7. 7. vii Preface There have been many changes in veterinary medicine since the first edition of Anaesthesia for Veterinary Nurses was published in 2003. There is an increasing number of specialist referral hospitals, and the speciality of emer- gency and critical care has blossomed in the United Kingdom. However, still central to much that is achieved in veterinary practice is the ability to sedate and anaesthetise patients safely. The protocols and methods involved in vet- erinary anaesthesia are often complex and vary considerably from patient to patient. The veterinary nurse has a pivotal role in anaesthesia, being directly involved before, during and after the anaesthetic period. I hope that this fully updated edition of Anaesthesia for Veterinary Nurses will help those starting out in their career to navigate the essential physiological, pharmacological and physi- cal principles of anaesthesia, while acting as a useful reference to those dealing with the daily challenges of anaesthetising patients. In addition, I hope this book provides a platform for the increasing number of nurses specialising in the field of anaesthesia and undertaking further qualifications to advance their knowledge in this challenging and ever-changing discipline.
  8. 8. viii Acknowledgements I would like to thank all my colleagues who contributed to the second edition of Anaesthesia for Veterinary Nurses. In addition, I would like to extend my continued thanks to Janis Hamilton and Janice McGillivray who authored and co-authored chapters in the first edition. As ever, the staff at Wiley-Blackwell have been patient, supportive and forgiving, and to them I am eternally grateful.
  9. 9. 1 1The Role of the Veterinary Nurse in Anaesthesia Joan Freeman Veterinary surgeons must work within the legal constraints of the Veterinary Surgeons Act (1966). They must also abide by the rules of conduct for veteri- nary surgeons (‘Guide to Professional Conduct’) set up by the Royal College of Veterinary Surgeons (RCVS), the professional body in the United Kingdom. Veterinary surgeons can be found negligent and guilty of malpractice, not only as a consequence of their own actions but also for the injurious actions of an employee, including veterinary nurses and student veterinary nurses. Therefore, veterinary nurses are not entitled to undertake either medical treatment or minor surgery independently. Nevertheless, veterinary nurses have a duty to safeguard the health and welfare of animals under veterinary care and, as anaesthesia is a critical procedure, the need for knowledge and an understand- ing of the procedures involved in anaesthesia cannot be overestimated. LEGISLATION GOVERNING VETERINARY NURSES Student veterinary nurses who achieve an S or NVQ level 3 award in veterinary nursing, or who have passed the relevant examinations for a degree in veteri- nary nursing, or passed the RCVS Part II veterinary nursing examination in the United Kingdom and fulfill the practical training requirements at an approved centre, are entitled to have their names entered on a list of veterinary nurses maintained by the RCVS and to describe themselves as listed veterinary nurses (RCVS, 2002). In September 2007, the non-statutory Register for vet- erinary nurses opened. Any veterinary nurse that qualified on or after the 1st January 2003 is automatically entered on the register. Veterinary nurses that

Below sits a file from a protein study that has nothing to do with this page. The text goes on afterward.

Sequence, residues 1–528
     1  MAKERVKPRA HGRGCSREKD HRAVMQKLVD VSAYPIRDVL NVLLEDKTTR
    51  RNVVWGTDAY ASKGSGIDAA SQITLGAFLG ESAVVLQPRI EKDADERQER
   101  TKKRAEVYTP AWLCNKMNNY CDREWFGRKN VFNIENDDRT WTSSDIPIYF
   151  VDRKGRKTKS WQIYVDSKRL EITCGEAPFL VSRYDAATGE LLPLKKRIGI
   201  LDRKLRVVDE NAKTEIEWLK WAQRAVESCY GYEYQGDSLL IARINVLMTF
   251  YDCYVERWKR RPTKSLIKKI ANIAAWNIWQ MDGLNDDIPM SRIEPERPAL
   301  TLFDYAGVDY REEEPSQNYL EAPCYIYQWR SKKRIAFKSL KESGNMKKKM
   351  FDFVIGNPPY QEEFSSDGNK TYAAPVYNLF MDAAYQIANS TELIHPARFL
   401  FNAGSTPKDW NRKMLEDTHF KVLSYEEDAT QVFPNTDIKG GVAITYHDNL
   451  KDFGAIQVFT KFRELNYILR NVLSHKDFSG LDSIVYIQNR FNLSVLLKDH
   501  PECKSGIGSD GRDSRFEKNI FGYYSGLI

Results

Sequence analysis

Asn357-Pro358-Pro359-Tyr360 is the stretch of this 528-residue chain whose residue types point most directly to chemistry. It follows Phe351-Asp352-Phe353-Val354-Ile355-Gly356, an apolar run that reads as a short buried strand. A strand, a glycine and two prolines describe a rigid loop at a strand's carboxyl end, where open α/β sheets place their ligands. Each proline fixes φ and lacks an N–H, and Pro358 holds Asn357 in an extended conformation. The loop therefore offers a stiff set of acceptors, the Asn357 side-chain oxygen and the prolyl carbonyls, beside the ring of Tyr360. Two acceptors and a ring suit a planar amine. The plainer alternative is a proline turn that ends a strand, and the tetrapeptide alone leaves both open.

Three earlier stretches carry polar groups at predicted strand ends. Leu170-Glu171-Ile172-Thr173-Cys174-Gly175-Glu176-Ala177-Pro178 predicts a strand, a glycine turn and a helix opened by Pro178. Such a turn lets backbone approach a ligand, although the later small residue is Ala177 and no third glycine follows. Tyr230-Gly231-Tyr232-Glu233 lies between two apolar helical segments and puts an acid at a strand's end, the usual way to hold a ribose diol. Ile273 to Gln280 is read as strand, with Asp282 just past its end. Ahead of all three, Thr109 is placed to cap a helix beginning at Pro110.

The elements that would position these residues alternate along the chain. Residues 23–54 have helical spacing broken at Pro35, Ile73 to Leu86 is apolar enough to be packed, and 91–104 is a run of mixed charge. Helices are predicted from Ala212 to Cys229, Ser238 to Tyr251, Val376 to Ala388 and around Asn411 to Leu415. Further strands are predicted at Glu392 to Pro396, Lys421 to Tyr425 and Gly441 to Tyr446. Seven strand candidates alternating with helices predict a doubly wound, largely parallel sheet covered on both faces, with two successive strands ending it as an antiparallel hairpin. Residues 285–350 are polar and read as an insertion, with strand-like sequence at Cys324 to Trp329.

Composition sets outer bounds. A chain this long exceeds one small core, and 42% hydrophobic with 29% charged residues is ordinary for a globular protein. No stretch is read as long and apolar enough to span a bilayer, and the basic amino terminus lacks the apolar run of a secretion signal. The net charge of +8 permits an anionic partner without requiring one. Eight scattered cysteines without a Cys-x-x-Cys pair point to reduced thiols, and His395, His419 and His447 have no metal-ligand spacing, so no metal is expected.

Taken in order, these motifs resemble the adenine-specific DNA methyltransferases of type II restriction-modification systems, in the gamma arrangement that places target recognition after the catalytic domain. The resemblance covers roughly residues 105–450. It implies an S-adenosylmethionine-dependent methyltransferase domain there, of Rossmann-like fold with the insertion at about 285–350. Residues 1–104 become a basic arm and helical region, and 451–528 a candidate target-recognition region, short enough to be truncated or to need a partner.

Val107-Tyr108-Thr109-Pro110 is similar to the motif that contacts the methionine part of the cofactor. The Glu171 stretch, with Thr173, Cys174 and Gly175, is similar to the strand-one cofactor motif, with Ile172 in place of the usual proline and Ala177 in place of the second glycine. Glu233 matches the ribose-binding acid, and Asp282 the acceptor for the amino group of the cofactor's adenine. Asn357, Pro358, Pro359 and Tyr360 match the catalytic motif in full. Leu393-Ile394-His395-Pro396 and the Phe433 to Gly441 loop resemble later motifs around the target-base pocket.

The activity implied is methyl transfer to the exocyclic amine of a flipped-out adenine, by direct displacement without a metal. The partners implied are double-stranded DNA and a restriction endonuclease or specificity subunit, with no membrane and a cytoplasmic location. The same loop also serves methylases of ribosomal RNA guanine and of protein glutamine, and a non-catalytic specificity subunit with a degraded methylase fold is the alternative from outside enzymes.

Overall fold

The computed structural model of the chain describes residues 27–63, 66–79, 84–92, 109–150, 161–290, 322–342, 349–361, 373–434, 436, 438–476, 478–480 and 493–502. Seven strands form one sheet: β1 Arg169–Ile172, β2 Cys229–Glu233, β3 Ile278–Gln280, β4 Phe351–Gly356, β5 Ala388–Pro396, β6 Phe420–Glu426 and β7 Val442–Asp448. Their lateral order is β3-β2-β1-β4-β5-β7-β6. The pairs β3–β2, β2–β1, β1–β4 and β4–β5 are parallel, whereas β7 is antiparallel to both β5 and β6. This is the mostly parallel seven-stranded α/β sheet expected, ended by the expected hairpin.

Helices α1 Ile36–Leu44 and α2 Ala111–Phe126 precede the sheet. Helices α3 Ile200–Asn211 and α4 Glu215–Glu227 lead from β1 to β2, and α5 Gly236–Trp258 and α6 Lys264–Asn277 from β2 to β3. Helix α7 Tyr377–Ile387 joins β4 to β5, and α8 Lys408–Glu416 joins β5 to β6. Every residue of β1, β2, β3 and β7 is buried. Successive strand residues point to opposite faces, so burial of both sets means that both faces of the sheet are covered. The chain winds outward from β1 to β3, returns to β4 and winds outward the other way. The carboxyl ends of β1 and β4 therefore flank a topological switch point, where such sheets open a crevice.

10. 10. 2 Anaesthesia for Veterinary Nurses qualified prior to this date may agree to enter the register or may choose to remain on the non-registered part of the list. The Veterinary Surgeons Act (1966) states that only a veterinary surgeon may practise veterinary surgery. Exceptions to this rule apply solely to listed veterinary nurses, and are covered under the 1991 amendment to Schedule 3 of the Act. The exceptions are: • Veterinary nurses (or any member of the public) may administer first aid in an emergency as an interim measure until a veterinary surgeon’s assistance can be obtained. • A listed veterinary nurse may administer ‘any medical treatment or any minor surgery (not involving entry into a body cavity) to a companion animal’ under veterinary direction. The animal undergoing medical treatment or minor surgery must be under the care of the veterinary surgeon and he or she must be the employer of the veterinary nurse. The Act does not define ‘any medical treatment or any minor surgery’ but leaves it to the individual veterinary surgeon to interpret, using their profes- sional judgment. Thus veterinary nurses should only carry out procedures that they feel competent to perform under the direction of a veterinary surgeon, and the veterinary surgeon should be available to respond if any problems arise. Recent changes to the Veterinary Surgeons Act 1966 (Schedule 3 amend- ment) Order 2002 now entitles listed veterinary nurses to perform nursing duties on all species of animal, not just companion animals, and in addition allows student veterinary nurses to perform Schedule 3 tasks during their training, provided they are under the direct, continuous and personal supervi- sion of either a listed veterinary nurse (Figure 1.1) or veterinary surgeon. Registered veterinary nurses (RVNs) accept both responsibility and account- ability for their actions. Consequently, RVNs are expected to demonstrate their commitment by keeping their skills and knowledge up to date through mandatory continuing professional development and following the Guide to Professional Conduct for Veterinary Nurses (RCVS, 2007a). Equally it is important that veterinary nurses acknowledge their limitations and, if relevant, make these known to their employer. Veterinary nurses receive training in many procedures and should be com- petent to carry out the following under the 1991 amendment to Schedule 3 of the Veterinary Surgeons Act (1966): • Administer medication (other than controlled drugs and biological products) orally, by inhalation, or by subcutaneous, intramuscular or intravenous injection.